IH: It has. The fan base has stayed broadly loyal but an increasing minority became increasingly more vocal and results acted as an effective recruiting beacon for the disaffected. Mowbray has a mixed record in the transfer market to put it mildly, his summer acquisitions have not worked out; with the exception of Southampton loanee Harrison Reed, who despite his iconic status appears to have decided that is future is back on the south coast. A fan campaign to keep the Ginger Ninja sadly seems to have failed, at least for now. Tactics and team selections are routinely cautious, especially away from home where we have too often demonstrated spectacular ineptitude. It’s a big summer, a lot of the League 1 stalwarts need to be replaced; doubts remain as to whether Tony is the man for the job, but I believe he deserves the chance. He’s a decent man with credit in the bank.
Player of the season candidates?
RC: There’s only one real winner for me, and that’s Danny Graham - 14 goals for the 33-year-old is a good return, but he offers much more than those goals. All the play comes through Graham’s hold up play and we really are lost without him. Young midfielder Lewis Travis would be in the running with the way he has played, but he only started playing right at the end of 2018. He’s such a tough tackler and the way he can drive forward with the ball makes him one of the first players on the teamsheet in my eyes. Bradley Dack will probably come second in the voting, but he doesn’t deserve to win in my eyes. Thirteen goals has been a good return but he’s gone missing in too many games. Dack is, undoubtedly, a very good player and he’ll get better next season. Graham has to win it for me.
IH: The old boy Danny Graham continues to defy the passing years and keeps turning in centre forward displays showing a delightful mix of cunning, strength, deft touch and positional savvy that marks him out as unique in our squad. Lewis Travis in midfield has emerged from the academy side to seize his opportunity and in so doing has possibly saved us a good few million. That Mowbray took so long to be convinced is one of the legitimate criticisms of his judgement.
Weak links in the side?
RC: Now, I don’t like singling players out really but… David Raya is a weird one to call a weak link. He’s a brilliant shot stopper but he flaps when the ball is in the air a lot and he’s cost us a few times this season with his shooting. Our full-backs do seem to get caught out often, especially when Bennett stands in at right-back. I don’t think we have too many weak links as mentioned earlier, but it’s our lapses in concentration that see us concede goals and drop points.
IH: The defence....in fairness if you believe (as I do) that defending starts from the front, this is a team shortcoming. Opposition players are all too often ushered through the centre of our midfield with as warm a welcome as might be granted to Bruce Springsteen playing a homecoming gig in New Jersey. Full backs that don’t block crosses, centre backs that “play football” but don’t win tackles or headers and a keeper who is a tremendous shot stopper but all too often conjures up a howler have undermined our performances all too often.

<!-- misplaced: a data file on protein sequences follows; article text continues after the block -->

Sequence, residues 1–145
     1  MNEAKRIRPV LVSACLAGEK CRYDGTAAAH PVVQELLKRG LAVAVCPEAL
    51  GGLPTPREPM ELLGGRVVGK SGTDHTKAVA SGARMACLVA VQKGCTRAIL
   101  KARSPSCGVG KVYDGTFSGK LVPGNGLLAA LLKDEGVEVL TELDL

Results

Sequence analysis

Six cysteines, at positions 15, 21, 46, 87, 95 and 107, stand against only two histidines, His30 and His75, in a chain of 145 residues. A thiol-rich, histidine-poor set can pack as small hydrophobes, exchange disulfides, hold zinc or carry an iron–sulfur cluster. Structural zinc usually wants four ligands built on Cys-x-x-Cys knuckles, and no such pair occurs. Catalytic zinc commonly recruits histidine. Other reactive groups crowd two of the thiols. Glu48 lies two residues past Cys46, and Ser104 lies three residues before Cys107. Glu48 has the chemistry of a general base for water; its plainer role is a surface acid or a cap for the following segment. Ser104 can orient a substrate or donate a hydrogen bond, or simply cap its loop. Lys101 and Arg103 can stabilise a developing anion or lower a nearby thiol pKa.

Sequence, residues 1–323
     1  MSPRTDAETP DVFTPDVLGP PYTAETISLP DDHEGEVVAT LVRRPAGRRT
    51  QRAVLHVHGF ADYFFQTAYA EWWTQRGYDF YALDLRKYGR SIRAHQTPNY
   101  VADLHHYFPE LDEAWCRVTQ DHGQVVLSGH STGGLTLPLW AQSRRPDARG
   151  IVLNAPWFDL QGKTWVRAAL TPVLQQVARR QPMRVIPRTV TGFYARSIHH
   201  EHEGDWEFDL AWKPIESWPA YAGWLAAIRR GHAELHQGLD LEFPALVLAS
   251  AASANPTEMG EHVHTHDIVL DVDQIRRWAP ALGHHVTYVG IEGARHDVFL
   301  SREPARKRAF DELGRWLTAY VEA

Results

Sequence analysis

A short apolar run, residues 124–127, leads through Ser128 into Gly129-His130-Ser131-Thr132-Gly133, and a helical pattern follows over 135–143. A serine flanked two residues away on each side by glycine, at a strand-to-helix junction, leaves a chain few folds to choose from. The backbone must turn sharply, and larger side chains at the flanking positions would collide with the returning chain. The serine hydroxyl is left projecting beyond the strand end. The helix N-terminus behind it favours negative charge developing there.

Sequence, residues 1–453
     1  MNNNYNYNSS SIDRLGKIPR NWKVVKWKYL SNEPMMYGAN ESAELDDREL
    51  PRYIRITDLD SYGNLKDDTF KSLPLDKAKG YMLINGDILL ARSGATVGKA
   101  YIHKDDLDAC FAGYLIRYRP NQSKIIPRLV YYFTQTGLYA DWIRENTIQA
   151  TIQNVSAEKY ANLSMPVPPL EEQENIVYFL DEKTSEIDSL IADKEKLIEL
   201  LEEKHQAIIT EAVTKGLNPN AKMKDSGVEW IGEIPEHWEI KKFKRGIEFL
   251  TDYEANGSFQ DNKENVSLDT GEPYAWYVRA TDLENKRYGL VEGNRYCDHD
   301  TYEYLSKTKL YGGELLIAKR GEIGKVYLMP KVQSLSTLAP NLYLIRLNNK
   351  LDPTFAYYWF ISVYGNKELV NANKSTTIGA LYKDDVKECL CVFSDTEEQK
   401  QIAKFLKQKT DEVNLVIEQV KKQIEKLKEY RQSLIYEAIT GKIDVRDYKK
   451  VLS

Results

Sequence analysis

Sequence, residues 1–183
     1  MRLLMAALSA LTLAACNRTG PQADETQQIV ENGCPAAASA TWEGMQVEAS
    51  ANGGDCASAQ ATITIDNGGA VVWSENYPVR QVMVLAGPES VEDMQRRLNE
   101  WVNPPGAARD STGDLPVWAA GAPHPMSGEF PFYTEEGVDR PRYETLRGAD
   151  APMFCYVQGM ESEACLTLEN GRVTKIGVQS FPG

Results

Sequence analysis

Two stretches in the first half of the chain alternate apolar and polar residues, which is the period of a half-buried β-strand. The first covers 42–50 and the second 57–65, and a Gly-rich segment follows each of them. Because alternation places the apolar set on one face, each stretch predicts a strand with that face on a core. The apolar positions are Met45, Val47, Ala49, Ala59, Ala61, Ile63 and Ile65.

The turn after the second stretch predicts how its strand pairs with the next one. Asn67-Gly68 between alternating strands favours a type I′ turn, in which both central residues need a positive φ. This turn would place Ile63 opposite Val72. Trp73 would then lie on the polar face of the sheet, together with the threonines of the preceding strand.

The FFP rules are a mess, but look particularly challenging for clubs on our sorts of income, reliant on money being put in by owners to fund losses. What shape are Rovers in to comply with this in the years to come, particularly as you spent big on Brereton and that doesn't seem to have been a good signing?
RC: I’d admit before we start, I’m not the best with the confusing FFP rules, but I’m sure I saw somewhere that we’d be fine with FFP for the coming years. Brereton was a big money signing for us, and it came as a shock considering our record money ever spent on a player has only ever been £8m but I’m sure the full fee is only when potential is fulfilled. He’s not hit the ground running. He has missed some big chances but he’s rarely had a proper run out for us. We often use him in ten or twenty minute substitute appearances so he’s not had a run in the starting XI. I still believe he’ll come good for the club though.
IH: Brereton is seemingly the latest in a long line of Rovers centre forwards that arrive with a reputation, a price tag and struggle to live up to the hype. (We had some notable exceptions to this rule in the 90s including of course one Roy Wegerle, so perhaps this is karma ?). He’s a kid and his best days lie in front of him (hopefully) but he’s struggled to make any sort of impression. If he had come through the ranks, sympathy might be more plentiful, but he’s forever saddled with that fee and it does him no favours.
The issue of course is that £7m for a side no longer receiving parachute payments, is a colossal sum of money and the seemingly indecent haste to spend that we demonstrated in the last days of the summer window raised many a sceptical eyebrow and many fans sought to clarify which agents represented Brereton. Our gates and ancillary commercial income levels are relatively low so FFP is tantamount to a ball and chain on our lofty aspirations. Sadly, even if they wanted to, Venky’s can’t put that much more in without risking another transfer embargo and the “get out of (FFP) jail card” of selling Bradley Dack for £20m to WBA has had to be put on hold as his form dipped and Albion sacked their manager. Losses of £300k per week doesn’t get you much these days it seems. Let’s hope Dack recovers his form before we hit the losses threshold...that or we discover an oil field in the Blackburn End car park.
The Twitter @rovers_chat, @ianherbert, @brfcsdotcom, @loftforwords